Lovers locks on a perfect o#position over the city
Amazing sky over Budapest

It’s best to exit Gellert Hill, by heading towards Margarit Bridge. Parks are not somewhere I’m fond of being in at night. On the way you pass the Gellert Monument, constructed in honour of the saint who lent his name to the hill (he was killed by pagans who threw him from the hill), before finally winding down toward the Elisabeth bridge.

Bridges of Budapest

As mentioned before Budapest is very much a river city and five great bridges span its breath. The banks of the river are worth traversing just to see them all, but Chain Bridge is the one to beat them all. At the foot of the funicular, cast your head over your shoulder. There is a beast of a tunnel running under the castle known as Budai Varalagut. It’s opening looks like the mouth of a whale. and though a little dirty the arch like entrance is very impressive. Adam Clark the famous Scottish engineer aided in its design, but his attentions were focused on what lies in front.

The Chain Bridge (Szechenyi Bridge) is the most impressive of the bridges that cross the Danube, and it was also the first permanent bridge on the river. This suspension bridge was opened in 1849. It is best seen at night when it is illuminated but its amazing to cross by day too, and marvel at its construct. From the imposing lions that sit guard on the bridge entrance to the stone towers that break up all the wrought iron, it’s a beauty. The Pest side of the bridge greets you with the art-nouveau luxury of the Gresham Palace Hotel.

Lions of Chain Bridge

Danube River Cruise

If you don’t have the time or energy to go bridge chasing then fret not, what do all good rivers have. River cruises. And Budapest is no exception. There are a host of companies offering cruises, with dinner and nighttime cruises also available. I haven’t tried other for these, but for the day cruises I saw little difference between any of the cruises so we had picked the Legenda cruises company for no reason other than we liked their flyer and the look of the boat. They dock at dock seven. The cruises are 3900 ft for an adult and last about 1 hour and 20 minutes. Children are surprisingly free and the addition of a drink of your choice on the way out and a glass of lemonade on the way back seal a good deal.

The cruise boat had a capacity of several hundred and there was an upper deck. The cruise itself was very pleasurable and the view took in most of the city’s river side sights.  The boat sailed south as far as Petofi bridge before heading back north past Gellért, the Castle, and the main attraction that is surely the Parliament building. It’s a beautiful river and it’s another great way to see the city.  Five great bridges cross the river and the boats route sailed under all and around the 2.5 km Margarit Island. The island is the realm of the fit, joggers make full use of its circumference and activities include swimming and bike renting. Legenda cruises offer you the chance to alight and explore the island. You can make your way back to the city by yourself or wait forty minutes for the boat to return. It’s a worthwhile way in my opinion to see the city from a different angle and get some relaxation time in.

Pest

Pest is not as showy as Buda with far more locals and commercial and administrative functions. But that doesn’t make it much less than its counterpart. The secessionist architectural movement of the late 19th and early 20th Century, found great inspiration here, and some amazing buildings were constructed. The best place to start your tour of Pest is with its best, the Parliament Building.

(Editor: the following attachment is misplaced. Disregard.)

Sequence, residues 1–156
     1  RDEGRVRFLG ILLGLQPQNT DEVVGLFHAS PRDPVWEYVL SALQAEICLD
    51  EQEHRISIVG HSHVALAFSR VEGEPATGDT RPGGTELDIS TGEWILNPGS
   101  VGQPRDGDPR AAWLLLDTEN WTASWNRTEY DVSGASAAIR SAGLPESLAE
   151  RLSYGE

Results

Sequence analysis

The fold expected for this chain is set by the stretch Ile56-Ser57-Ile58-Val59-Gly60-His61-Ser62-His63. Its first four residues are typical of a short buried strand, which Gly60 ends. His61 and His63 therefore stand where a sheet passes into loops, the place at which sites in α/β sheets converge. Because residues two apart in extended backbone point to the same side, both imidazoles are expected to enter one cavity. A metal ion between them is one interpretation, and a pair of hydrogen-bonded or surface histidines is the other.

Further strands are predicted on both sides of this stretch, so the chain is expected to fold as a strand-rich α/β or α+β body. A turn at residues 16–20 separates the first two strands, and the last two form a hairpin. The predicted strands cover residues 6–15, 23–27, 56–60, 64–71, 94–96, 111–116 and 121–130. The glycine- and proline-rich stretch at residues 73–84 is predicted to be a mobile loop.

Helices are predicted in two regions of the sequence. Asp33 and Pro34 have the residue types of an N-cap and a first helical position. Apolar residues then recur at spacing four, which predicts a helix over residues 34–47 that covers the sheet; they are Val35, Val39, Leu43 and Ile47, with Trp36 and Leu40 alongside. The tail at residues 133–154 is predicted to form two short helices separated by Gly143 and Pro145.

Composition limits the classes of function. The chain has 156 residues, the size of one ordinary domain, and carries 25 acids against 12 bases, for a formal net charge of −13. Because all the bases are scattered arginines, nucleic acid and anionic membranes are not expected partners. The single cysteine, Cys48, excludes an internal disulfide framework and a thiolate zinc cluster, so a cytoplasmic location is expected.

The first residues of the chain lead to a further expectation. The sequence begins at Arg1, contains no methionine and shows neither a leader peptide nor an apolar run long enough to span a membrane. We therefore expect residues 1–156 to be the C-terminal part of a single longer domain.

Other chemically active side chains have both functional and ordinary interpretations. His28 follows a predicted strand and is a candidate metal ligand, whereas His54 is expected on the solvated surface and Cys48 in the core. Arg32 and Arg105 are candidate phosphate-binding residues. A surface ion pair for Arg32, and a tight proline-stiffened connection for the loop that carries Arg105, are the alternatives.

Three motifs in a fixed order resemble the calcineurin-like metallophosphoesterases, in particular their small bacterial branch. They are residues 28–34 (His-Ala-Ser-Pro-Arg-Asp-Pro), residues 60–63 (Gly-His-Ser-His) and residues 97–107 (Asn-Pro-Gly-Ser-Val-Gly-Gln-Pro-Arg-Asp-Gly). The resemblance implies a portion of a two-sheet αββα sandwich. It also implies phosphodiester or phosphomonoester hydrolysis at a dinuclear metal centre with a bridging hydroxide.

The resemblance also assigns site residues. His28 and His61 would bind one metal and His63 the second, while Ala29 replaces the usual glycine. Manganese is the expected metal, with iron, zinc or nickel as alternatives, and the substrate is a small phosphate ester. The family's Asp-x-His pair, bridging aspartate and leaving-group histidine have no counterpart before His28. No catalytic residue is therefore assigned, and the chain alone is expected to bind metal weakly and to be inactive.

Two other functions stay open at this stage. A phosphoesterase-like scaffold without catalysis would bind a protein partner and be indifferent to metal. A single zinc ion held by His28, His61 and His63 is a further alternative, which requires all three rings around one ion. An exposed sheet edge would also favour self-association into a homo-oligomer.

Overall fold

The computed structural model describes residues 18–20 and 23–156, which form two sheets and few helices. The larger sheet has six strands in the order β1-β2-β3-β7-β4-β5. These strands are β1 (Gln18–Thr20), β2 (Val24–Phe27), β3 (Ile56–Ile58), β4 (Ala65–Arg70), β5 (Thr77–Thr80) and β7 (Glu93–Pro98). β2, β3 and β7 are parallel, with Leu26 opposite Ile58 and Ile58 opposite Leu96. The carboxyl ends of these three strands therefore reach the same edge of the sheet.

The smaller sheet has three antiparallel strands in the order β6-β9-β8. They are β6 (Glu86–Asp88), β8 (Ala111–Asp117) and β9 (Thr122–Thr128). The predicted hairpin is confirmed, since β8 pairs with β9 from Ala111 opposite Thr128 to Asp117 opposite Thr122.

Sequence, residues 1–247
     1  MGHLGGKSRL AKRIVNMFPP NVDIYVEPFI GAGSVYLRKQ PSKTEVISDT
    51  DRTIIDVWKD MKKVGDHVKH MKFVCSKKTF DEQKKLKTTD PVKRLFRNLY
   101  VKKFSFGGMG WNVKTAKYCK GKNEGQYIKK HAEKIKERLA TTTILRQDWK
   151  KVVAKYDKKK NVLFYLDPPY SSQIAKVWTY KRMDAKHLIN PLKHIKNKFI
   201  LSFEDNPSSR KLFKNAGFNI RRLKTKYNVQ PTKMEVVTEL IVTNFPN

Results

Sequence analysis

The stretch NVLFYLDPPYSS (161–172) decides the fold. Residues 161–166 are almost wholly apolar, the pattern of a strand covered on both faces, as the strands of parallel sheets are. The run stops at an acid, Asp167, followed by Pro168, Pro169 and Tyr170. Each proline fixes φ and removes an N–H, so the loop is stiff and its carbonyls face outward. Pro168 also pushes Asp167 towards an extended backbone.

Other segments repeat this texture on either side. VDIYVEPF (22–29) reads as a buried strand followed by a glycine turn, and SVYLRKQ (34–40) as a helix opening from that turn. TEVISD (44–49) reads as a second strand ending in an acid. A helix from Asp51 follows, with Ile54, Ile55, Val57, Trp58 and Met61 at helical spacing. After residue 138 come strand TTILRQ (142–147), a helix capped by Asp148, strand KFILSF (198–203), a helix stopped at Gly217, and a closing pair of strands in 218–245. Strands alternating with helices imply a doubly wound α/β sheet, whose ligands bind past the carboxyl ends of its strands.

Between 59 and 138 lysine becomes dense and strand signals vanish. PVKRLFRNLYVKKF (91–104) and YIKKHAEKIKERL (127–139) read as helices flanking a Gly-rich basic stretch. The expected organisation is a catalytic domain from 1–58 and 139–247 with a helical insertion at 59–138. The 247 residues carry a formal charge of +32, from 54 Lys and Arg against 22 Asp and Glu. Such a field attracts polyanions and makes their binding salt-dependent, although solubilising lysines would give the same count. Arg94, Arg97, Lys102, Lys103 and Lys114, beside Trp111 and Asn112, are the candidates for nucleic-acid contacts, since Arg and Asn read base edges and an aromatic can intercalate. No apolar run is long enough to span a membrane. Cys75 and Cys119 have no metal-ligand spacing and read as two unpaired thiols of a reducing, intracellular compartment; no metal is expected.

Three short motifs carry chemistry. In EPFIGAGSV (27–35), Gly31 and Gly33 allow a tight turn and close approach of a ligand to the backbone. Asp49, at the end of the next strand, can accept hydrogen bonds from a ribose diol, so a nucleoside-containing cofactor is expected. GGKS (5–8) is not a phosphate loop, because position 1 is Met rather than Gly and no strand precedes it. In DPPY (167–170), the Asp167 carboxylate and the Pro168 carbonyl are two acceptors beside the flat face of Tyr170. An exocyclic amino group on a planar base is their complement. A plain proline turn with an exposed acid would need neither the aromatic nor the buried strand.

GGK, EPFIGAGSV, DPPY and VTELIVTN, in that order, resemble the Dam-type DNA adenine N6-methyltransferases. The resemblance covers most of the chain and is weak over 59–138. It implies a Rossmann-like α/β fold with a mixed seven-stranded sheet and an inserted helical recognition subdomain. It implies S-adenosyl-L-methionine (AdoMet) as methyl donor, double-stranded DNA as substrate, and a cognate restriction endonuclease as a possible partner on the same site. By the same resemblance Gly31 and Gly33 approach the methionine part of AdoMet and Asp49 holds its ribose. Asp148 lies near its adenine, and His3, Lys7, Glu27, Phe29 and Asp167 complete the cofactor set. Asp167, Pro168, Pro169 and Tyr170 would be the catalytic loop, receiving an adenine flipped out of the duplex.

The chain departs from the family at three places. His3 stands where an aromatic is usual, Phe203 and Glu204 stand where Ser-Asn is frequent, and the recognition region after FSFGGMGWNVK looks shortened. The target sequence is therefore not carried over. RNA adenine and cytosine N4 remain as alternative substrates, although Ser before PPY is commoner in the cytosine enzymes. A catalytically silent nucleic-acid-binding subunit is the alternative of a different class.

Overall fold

Hungarian Parliament

No building in Budapest can quite produce the same impression as the Hungarian Parliament. In every respect it is astounding. As the largest building in Hungary and the joint tallest in Budapest, it dominates the banks of the Danube. The parliament is 96 metres tall and has a total of 691 rooms. Needless to say the tour doesn’t visit all. The parliament was constructed to mark the millennium of the Hungarian nation, and after the unification of the tri cities of Buda, Pest and Obuda to form Budapest. The building is constructed in the Gothic revival style with a huge central dome. I suggest walking around the full circumference of the Parliament, its magnificent from all angles.

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Various views of the parliament

Entry is by guided tour in only and costs 2400 huf. Tours in different languages are available. I’ve never been in a more secure building, armed security lurked in the corners around the perimeter, a full army platoon were based in the reception and armed guards monitored the metal detectors as you entered. Phew, I’m glad my intentions were to see the building only. Inside we were chaperoned by security, I was a little bemused by our one, he was an angry guy and kept urging people to keep moving. Needless to say that was usually me, as I dropped back to take photos.

Besides the understandable high security level, the building was a delight. Gold leaf emblazoned much of the walls of the Ornamental Stairs (40 kg was used in the construction) and the place gleamed. As we entered the central part of the building we had an opportunity to witness another changing of the guards. The royal crown of Hungary (complete with bent cross on top from the time someone dropped it) is guarded 24/7 by some more very serious looking guys. While you can photograph the guards, photos in the throne room are forbidden. The crown jewels have been stolen many times over the years and I guess its a precaution. You don’t want to take the chance with that massive security guard following you either.